I first experienced the impact of dementia, when my Nanna was diagnosed with Alzheimer’s Disease. I was about 13 at the time and I didn’t really know how to make things easier for her, but I knew I wanted to. It was upsetting to see the impact on my Grandad, and I know more so now, how difficult life must have been for both of them, to live with Dementia. I am certain that this experience ignited my passion to care, and to make a difference to people.

By the time she passed away, I had started to work in care, and 20 years on I continue to do so.

I am now using my experience to reach out to people and improve the lives of those living with dementia.

We have recently trained all staff to an advanced level in dementia. This has included practical and interactive training, where each of us experienced the physical reality of what happens to the body and senses when living with dementia, and the impact that staff can have on how they feel.

Following the practical training, there has been extensive knowledge training provided by the Alzheimer’s Society. Staff at all levels throughout the business have completed between 3 and 6 courses, depending on their role.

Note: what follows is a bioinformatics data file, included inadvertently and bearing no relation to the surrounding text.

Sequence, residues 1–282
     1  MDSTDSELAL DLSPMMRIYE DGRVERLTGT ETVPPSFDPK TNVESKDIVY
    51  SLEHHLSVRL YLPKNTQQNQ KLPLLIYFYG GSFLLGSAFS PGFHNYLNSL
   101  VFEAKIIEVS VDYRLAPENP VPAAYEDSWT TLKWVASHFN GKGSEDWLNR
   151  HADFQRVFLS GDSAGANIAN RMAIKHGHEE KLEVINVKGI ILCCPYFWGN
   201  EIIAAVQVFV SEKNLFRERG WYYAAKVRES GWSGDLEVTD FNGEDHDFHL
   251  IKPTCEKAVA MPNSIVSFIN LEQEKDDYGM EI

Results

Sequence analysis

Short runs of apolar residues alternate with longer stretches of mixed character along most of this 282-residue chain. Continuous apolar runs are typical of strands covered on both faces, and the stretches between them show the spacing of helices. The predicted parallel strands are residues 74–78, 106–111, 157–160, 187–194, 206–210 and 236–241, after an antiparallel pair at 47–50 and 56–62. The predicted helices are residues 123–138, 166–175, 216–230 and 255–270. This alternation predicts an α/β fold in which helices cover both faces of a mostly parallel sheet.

The training above and beyond minimum requirements, guarantees that whatever stage of this disease somebody may be experiencing, all of our Carers will have the skills to support them as well as an understanding of how they may feel.

Staff are now equipped to observe signs and symptoms that may need to be explored, to enable early diagnosis and appropriate treatment. We know that this is important in slowing progression, and can help people to plan ahead, and make advance decisions about their care and treatment.

We know that keeping someone in their own home, for as long as possible, is an effective way to promote their independence, and empower them to make choices about how they live. Completing the advanced training, has provided us with the skills to encourage this, by creating safe environments with appropriate support in place.

We also know the important role that family carers play in keeping people in their own home, and the part that we play in removing some of the pressure that can be associated with this. Every family is different, so the first step is always an informal chat to get to know them, and how they are being affected by dementia. This way, we can work together to find a solution that is going to be effective. Sometimes this is a care package, or it could be support for the family carer that allows them to carry on in their vital role.


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